The Lamon House is a Greek Revival Cottage built in 1850 by
Joseph and Melissa Beckwith Lamon. The Lamon House
is believed to be the oldest frame house in the Danville Area.
Joseph is the cousin of Ward Hill Lamon,
Lincoln's law partner and
bodyguard. Melissa is
the daughter of Dan Beckwith, who Danville is named for.
The home originally stood near downtown Danville
on North Street, but was moved to its present location in
Lincoln Park and was completely restored in the early 1980's.
The house is open Sundays from
1:30 to 4:30 (May thru October) or by appointment.
Author Bob O'Connor will be joining us again during "Arts In The Park"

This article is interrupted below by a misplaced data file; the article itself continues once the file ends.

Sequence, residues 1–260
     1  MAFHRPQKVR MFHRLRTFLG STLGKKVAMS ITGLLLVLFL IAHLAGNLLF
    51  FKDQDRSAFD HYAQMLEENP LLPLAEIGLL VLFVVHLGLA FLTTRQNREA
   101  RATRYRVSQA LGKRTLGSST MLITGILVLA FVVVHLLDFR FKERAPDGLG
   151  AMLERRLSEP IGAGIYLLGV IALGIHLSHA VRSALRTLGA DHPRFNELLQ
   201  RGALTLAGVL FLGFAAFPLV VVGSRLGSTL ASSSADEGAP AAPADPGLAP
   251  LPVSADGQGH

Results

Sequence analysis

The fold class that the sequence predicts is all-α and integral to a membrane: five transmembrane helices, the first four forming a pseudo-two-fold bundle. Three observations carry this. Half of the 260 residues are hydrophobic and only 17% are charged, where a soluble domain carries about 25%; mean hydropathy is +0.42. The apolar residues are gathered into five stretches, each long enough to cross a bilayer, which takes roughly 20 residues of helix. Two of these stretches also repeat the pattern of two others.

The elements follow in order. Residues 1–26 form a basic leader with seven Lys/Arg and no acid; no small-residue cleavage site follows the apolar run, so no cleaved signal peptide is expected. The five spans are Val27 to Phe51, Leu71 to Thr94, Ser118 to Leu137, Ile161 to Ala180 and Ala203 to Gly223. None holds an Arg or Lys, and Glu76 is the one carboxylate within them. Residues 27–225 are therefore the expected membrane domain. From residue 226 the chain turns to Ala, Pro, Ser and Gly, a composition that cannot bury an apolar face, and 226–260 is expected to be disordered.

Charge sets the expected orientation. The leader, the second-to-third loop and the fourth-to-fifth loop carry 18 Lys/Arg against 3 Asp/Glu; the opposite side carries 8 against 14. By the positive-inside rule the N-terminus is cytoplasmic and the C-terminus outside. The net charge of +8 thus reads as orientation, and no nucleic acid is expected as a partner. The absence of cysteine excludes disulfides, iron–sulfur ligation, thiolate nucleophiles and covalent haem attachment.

(June 25th and 26th). Bob will be presenting Ward Hill Lamon
and have his books "The Virginian Who Might Have Saved Lincoln
and "The Life of Abraham Lincoln as President" available.
Join Bob on Friday June 24th, at the
Danville Public Library at 3 P.M.
for the presentation of Bob's latest book "The Murphy Farm:
A Refuge, From Racism".
The Murphy Farm was already considered hallowed ground
when the members of the Niagara Movement in 1906 removed
their shoes to visit the engine house where John Brown was
captured following his unsuccessful raid on Harpers Ferry
in October 1859.
But the land was hallowed even before that, as troops from
both the Union and the Confederacy crossed the land
located just south of U.S. 340 near the entrance to the
Harpers Ferry KOA Campground. Today the ground is part of
Harpers Ferry National Historical Park.